USCIS Further Waters Down Requirements for Investor Visas

By David North on December 28, 2010

The already pallid rules for investor (EB-5) visas have been watered down, yet again.

As I pointed out in an earlier blog, a whole family can get a full set of green cards if one member of it makes a half-million dollar investment in the U.S. for two years.

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That's right, permanent legal residence permits for the whole family, forever, in exchange for a short-term financial investment.

Well, thanks to Sen. Patrick Leahy (D-VT), chair of the Senate Judiciary Committee, the rules have been watered down still further.

Let's back up a moment. Until recently you (and the family) could not get EB-5 visas unless you invested a full $1 million in the U.S., and that investment produced ten jobs for people other than family members.

Then Congress softened the requirement that 10 actual jobs actually be created to an abstract concept of 10 jobs indirectly created; such concepts in the visa applications generally are worked out by economics consultants who, in turn, are hired by immigration lawyers.

In another softening move, Congress decided that it did not have to be a full $1 million anymore, if the investment went into a government-approved low-income region; under those circumstances the investment could be half a million. (As a result, virtually no million-dollar investments are made anymore by immigrant investors; they are all at the half-million level, as I learned by attending a recent USCIS stakeholders' session.)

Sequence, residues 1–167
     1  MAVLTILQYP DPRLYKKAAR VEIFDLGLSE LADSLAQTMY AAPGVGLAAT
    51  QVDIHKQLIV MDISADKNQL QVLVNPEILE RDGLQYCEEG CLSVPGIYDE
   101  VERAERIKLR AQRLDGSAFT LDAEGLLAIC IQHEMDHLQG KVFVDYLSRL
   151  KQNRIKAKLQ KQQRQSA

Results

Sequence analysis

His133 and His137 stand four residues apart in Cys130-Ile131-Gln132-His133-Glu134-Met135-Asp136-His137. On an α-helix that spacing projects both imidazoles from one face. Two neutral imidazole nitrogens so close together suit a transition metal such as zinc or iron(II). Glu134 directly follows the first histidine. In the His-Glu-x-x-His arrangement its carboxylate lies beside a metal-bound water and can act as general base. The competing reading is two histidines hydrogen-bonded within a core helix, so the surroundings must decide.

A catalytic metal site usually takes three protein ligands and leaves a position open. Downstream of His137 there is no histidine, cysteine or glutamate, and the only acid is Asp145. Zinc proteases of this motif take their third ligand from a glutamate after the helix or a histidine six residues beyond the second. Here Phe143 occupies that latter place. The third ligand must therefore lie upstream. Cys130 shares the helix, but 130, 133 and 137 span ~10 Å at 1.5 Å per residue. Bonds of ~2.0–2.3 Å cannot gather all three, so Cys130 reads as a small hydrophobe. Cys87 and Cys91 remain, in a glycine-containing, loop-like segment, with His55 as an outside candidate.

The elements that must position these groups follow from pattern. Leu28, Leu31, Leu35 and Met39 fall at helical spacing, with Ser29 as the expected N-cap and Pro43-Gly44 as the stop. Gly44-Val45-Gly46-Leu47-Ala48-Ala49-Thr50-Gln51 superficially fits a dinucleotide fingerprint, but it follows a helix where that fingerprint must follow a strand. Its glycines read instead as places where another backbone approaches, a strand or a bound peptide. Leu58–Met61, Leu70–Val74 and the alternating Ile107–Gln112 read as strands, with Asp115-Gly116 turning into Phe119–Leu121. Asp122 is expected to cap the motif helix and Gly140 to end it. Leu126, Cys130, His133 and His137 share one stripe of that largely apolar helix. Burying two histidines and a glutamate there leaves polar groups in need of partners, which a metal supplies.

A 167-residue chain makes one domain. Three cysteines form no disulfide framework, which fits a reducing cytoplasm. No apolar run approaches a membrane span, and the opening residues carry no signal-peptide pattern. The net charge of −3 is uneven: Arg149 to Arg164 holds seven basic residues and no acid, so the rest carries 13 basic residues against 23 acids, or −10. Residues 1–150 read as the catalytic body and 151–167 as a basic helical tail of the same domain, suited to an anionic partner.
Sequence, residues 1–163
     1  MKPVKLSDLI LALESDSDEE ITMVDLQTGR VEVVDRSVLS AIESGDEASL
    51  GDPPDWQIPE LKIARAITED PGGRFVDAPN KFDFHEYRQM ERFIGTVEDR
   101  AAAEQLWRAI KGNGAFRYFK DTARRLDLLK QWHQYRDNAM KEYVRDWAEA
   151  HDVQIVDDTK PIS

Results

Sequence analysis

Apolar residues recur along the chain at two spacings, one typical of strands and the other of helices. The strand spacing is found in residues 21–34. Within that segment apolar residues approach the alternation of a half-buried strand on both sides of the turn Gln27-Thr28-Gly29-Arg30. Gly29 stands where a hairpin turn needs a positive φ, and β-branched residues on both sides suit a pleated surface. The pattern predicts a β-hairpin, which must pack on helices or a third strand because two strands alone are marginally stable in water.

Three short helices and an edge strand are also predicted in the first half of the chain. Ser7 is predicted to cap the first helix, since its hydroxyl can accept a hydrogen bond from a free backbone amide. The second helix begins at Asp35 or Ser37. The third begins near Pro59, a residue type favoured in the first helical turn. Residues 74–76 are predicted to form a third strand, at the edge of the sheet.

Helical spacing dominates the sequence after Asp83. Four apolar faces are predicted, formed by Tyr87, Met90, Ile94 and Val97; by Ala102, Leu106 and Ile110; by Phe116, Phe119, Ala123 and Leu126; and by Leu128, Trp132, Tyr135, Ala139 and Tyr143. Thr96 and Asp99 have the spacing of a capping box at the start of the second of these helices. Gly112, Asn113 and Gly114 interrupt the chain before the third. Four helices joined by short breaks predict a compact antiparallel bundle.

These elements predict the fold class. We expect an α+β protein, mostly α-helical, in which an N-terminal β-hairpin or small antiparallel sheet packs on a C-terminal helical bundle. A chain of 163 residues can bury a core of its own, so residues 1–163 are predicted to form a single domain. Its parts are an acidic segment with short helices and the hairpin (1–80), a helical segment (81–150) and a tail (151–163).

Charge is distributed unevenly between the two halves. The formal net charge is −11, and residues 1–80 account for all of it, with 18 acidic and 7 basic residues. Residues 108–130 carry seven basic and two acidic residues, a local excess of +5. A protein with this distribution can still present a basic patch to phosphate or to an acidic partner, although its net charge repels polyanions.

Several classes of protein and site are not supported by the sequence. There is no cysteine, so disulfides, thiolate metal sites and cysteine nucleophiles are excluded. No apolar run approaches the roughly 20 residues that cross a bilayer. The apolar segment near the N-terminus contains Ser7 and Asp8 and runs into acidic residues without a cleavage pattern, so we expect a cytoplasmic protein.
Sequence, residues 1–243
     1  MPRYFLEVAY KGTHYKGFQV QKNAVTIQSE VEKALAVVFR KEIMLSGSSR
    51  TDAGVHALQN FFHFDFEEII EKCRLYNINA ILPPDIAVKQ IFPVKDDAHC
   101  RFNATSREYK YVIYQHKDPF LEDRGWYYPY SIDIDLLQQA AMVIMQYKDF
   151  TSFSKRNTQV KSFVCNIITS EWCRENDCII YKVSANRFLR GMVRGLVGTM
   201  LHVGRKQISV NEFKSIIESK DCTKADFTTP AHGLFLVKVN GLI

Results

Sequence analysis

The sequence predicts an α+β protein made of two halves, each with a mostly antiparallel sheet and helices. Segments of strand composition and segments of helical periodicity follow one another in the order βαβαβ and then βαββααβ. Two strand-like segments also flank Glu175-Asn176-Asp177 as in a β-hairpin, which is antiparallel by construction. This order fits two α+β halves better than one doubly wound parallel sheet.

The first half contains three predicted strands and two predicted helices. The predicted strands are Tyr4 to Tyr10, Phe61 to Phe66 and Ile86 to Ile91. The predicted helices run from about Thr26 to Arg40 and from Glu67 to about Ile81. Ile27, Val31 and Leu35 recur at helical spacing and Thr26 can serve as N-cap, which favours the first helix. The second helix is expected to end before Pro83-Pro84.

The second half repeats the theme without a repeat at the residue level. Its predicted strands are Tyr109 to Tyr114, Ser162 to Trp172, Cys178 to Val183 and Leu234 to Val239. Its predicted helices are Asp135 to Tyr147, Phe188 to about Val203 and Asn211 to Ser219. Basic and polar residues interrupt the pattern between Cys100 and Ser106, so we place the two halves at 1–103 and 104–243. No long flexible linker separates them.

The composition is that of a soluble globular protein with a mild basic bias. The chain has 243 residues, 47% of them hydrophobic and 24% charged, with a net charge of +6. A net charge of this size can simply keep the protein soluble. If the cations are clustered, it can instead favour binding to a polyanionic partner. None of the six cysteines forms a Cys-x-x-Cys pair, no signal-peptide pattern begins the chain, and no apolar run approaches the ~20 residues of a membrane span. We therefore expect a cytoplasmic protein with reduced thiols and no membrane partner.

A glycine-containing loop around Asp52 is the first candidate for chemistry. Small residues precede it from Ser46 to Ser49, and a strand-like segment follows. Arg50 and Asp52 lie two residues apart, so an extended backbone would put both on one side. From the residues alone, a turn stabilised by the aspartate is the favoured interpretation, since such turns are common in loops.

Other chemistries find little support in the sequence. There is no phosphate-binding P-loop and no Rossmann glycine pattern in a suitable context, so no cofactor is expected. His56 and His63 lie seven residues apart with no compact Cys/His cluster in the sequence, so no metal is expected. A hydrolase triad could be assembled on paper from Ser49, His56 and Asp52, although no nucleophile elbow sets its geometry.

Incidentally, this is not a visa program requiring would-be entrepreneurs to actually run companies; it is largely used by passive investors with a half million to spare. The EB-5 investor never has to set foot in the government-approved region for investment; the postal delivery of a check will do nicely.

In the latest maneuver, according to a letter to Sen. Leahy from USCIS Director Alejandro Mayorkas published in the December 22 issue of Immigration Daily, the government has decided that those indirectly created jobs no longer need to be within the territorial limits of the approved "regional center" – they could be anywhere, presumably, in the U.S.

This is how Mayorkas, in his letter to the senator who had asked for the new policy, described the administration's new position:

Upon review of the applicable EB-5 law and regulations, we agree that a regional center may rely on jobs indirectly created outside its geographic borders.

So, if the investment channeled through the government-approved Vermont regional center, for example, indirectly created jobs on Wall Street. . . well, that would still allow the overseas investor with half a million dollars to obtain green cards for everyone in the family.

The Wall Street possibility may be fanciful, as a reasonably alert USCIS adjudicator might – or might not – reject a real petition for an investor's visa with Wall Street jobs involved, but that possibility certainly exists.

This leads to another question: under what conditions can an investment of $500,000 actually produce ten full-time jobs in real life? I could see it doing that in the Third World, where wages are low, and I could see it happening in the U.S. inside the criminal economy – investing in a marijuana farm, for instance – but in the mainstream American economy?

That would be quite a trick!

And can't reasonably able business people attract half-milliondollar investments within the American economy without the aid of a handful of population-increasing visas? My sense, even in a time of recession, is that American business people are doing it all the time.